What it is: The Wrangler is Jeep’s legendary, off-road-capable, mid-size SUV. It’s offered in both two-door (Wrangler) and four-door models (Wrangler Unlimited) and America is buying more Wranglers than ever before. Sales have been roughly 200,000 Wranglers per year, an increase of 50 percent from 2011/2012 and the story is the same for 2017.

It’s easy to fall in love with the romantic visions that come with potential Wrangler ownership. The top is off, you have your significant other and a dog or two in the car with you, and you’re headed down a rugged trail to some remote and beautiful mountainside lake. And bang, you snap out of your daydream and you’re back sitting in traffic trying to get to work. There’s a heat index of 102 and you haven’t even taken the top off of your Jeep in three months.

While the Wrangler is undoubtedly the most capable and flexible of available SUVs this side of a $85,000 Range Rover, there are compromises that need to be made. All of my grievances from my article last year are still here and won’t be corrected until an all-new Wrangler is released some time in the next 12-24 months. Major grievances: 1) Stereo sounds terrible. 2) Unconscionable to charge $1,200 for the option touchscreen navigation system. 3) The five-speed automatic transmission is mediocre at best. 4) The base equipment for each trim is minimal. 5) The Wrangler itself and each option seem too expensive.

The driving experience isn’t too terrible, but it’s not something you’ll be looking forward to every day. It’s a little difficult to get in and out of, but that comes with the territory. It is equipped with the wonderful 3.6-liter Pentastar V6 engine, so while it produces plenty of power, don’t expect any big acceleration due to the Wrangler’s heavy weight.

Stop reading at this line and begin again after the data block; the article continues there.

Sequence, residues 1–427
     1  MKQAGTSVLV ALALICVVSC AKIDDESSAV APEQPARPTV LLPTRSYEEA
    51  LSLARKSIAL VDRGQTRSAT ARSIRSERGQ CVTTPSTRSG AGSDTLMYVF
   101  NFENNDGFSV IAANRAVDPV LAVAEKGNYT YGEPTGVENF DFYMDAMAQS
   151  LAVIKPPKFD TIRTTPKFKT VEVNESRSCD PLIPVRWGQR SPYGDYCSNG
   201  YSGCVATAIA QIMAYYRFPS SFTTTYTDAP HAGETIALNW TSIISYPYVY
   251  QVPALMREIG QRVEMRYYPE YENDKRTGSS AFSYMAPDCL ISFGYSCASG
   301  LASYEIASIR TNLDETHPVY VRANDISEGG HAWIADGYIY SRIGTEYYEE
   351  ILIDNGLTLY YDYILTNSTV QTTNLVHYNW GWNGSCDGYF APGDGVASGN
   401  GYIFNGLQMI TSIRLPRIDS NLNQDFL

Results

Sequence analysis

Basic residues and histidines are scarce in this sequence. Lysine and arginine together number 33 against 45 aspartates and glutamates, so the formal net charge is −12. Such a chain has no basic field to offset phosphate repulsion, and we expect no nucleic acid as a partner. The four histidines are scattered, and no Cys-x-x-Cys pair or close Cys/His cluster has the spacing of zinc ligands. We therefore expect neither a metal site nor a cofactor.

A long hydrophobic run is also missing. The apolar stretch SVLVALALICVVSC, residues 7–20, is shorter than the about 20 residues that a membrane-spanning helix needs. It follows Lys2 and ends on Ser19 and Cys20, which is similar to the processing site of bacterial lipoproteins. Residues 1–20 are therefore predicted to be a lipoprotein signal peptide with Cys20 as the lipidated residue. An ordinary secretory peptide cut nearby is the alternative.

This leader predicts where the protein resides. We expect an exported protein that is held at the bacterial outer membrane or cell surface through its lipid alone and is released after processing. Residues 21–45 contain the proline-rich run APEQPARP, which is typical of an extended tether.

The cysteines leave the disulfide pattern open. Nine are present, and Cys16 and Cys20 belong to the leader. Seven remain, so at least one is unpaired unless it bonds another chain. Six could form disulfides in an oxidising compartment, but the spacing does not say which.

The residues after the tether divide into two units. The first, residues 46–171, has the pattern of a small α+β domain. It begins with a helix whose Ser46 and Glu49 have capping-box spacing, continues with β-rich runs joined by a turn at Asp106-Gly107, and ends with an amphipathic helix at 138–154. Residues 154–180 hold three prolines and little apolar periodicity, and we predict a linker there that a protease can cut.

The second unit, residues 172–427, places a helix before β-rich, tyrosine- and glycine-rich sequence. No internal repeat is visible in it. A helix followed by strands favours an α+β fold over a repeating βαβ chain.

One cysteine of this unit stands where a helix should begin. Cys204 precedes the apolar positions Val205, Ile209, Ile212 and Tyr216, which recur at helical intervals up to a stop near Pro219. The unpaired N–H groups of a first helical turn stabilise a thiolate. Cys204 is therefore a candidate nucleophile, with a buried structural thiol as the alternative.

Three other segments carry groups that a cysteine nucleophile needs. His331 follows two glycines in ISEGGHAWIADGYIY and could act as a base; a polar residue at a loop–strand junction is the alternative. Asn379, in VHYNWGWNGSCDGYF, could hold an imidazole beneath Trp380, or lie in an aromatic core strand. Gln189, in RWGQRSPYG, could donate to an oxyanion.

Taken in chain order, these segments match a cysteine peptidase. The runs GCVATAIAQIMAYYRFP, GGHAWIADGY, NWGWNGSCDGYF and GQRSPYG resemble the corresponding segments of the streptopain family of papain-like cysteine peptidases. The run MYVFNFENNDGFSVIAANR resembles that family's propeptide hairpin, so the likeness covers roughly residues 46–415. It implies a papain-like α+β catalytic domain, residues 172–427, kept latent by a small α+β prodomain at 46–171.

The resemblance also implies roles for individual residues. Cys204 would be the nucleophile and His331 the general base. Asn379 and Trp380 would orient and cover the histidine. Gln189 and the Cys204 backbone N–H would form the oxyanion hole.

Lets run through the $10,000 in options my top Sahara trim had added on. Five-speed automatic transmission ($1,400), Dual Top Group ($2,185), body-color three-piece Freedom Top ($1,100), leather-trimmed bucket seats ($1,350), Bluetooth audio, TPMS display system, and USB port ($695), supplemental front air bags ($495), Trac-Lok differential rear axle ($495), automatic temperature control ($395), 6.5-inch infotainment with navigation ($1,195), and remote start system ($495). A few of these items make sense, like the transmission or leather seats, but $3,285 in roof options is brutal.

I complained about the stereo being bad, and Jeep does offer a $2,000 Alpine premium stereo (with premium leather seats included?) but I’ve heard it, and it’s not much better. Most cars have speakers located on the doors, so Wrangler designers are a little restricted when the doors of the Wrangler are designed to be removed.

MPG: 18 combined/16 city/20 highway

Price: Base Wrangler Unlimited $27,895. Base Sahara $34,245. Sahara as-tested with destination: $45,045.

Upsides: Unique. Capable. Interesting.

Downsides: Expensive. Not fun to drive everyday.

Wrap-up: You can get a lot of vehicle out there for $45,000. They won’t necessarily have you crawling over rocks on the trail, but they are immeasurable better in almost every other task. One thing that may sway you towards the Wrangler is a legendary resale value. According to Kelly Blue Book, you can expect to retain 64 percent of the value after three years and 51 percent after five years, which is in the top five of all vehicles. Part of this is due to almost non-existent factory incentives, so since you’ll be paying nearly full price, why not wait for the brand new model in a year or so?

 

 

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Wilson Calvert
Author: Wilson CalvertEmail: This email address is being protected from spambots. You need JavaScript enabled to view it.
Columnist / Director of Operations
I am a long-time Houstonian and am obsessed with cars, soccer, traveling, bourbon and airplanes. I write a regular car review column for The Tribune and travel articles a few times per year.